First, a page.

Plants - Vines and Groundcovers

Demystifying clematis

Don’t fret about these finicky vines—just follow this straightforward growing advice


3. Once planted, gently tamp down the soil to eliminate air pockets. Keep the clematis well watered and avoid synthetic chemical fertilizers during the first year to allow the plant to adjust naturally to garden conditions. (The compost or manure added to the bottom of the hole will supply all the nutrients the plant needs for the first year.) Train young vines to climb trellises and other structures with garden ties, which can be discarded once the clematis becomes established after the second year. 

Pruning pointers
Clematis vines are divided into three groups according to their pruning requirements. As a general rule, those in Group 1 flower on old wood, Group 2 on both old and new wood, and Group 3 on new wood. If you’re not sure which category your clematis belongs to, look for the remnants of last season’s blooms—if they are on the youngest, thinnest stems, the plant sets flowers on new growth; if they appear on thick, woody stems, it blooms on old growth. (See chart, below, for specific pruning instructions.) That said, many gardeners bend the rules to suit their preferences, pruning before buds set to delay flowering or to control plant height.

Regardless of which group your vine belongs to, all clematis require a hard pruning (to 30 to 40 centimetres from the ground) the first spring after planting to encourage new growth to emerge from the base.

Pruning: Simple as 1-2-3
Group 1:
Evergreen and early-flowering types such as Clematis alpina, C. macropetala and C. montana and their cultivars Zones 6 and 7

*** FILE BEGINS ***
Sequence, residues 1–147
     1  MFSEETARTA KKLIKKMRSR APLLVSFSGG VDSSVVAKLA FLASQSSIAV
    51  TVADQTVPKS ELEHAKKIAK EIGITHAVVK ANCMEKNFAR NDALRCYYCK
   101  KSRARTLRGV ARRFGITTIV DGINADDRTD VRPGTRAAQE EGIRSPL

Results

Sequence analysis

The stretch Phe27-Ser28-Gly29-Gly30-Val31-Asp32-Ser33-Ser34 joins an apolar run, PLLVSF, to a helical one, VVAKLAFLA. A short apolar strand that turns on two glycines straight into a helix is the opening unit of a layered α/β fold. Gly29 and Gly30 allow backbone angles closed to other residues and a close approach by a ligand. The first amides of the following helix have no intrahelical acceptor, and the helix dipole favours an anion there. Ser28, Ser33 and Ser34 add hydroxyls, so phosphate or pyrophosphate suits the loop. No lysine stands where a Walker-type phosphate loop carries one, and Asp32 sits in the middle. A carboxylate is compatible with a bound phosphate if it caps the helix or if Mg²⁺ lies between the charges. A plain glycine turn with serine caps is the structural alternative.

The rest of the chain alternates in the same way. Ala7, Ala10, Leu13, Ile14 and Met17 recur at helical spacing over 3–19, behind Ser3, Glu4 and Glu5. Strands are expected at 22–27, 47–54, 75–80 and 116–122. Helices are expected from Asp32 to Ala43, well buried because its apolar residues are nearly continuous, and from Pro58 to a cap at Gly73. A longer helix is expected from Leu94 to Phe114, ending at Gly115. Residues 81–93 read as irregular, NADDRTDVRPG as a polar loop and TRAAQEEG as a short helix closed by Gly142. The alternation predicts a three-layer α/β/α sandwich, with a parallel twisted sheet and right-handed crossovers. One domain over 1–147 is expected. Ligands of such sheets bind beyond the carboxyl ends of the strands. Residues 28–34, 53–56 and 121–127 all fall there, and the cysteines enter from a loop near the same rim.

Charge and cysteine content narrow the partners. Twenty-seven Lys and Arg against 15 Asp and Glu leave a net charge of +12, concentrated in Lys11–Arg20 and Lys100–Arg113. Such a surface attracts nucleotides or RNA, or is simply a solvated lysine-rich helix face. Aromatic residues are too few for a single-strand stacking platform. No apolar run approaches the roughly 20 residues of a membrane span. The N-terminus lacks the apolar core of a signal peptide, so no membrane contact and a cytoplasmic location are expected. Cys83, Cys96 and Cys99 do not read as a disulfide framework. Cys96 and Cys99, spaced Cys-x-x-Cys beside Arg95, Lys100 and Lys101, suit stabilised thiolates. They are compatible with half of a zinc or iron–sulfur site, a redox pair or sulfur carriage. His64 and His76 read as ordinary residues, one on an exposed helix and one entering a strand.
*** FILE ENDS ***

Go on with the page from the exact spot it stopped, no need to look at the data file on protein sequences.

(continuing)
Blooming habit: On old wood
Second spring: Cut back all stems to 1 m from the ground immediately after flowering
Subsequent years: After flowering, remove dead or weak stems; rejuvenate robust C. montana cultivars every third year by cutting all stems to 50 cm above the ground

Group 2: Early- and midsummer-blooming, large-flowered cultivars, including Jackmanii hybrids and double and semi-double cultivars; most clematis grown in Canada belong to Group 2 Zone 4
Blooming habit: First flowers appear on old wood; second flush on new wood
Second spring: In late winter or early spring, cut back all stems to at least 1 m from the ground
Subsequent years: Prune in late winter to a strong pair of buds 50 cm to 1 m from the ground; if extra height is desired, remove only weak or dead stems

Group 3: Late-summer-blooming, large-flowered cultivars; viticella types and late-flowering species such as texensis Zones 5 and 6
Blooming habit: On new wood
Second spring: In late winter or early spring, cut back all stems to 50 cm from the ground
Subsequent years: Same as in second spring, but cut back stems to 50 to 75 cm from the ground; remove weak or dead stems

 

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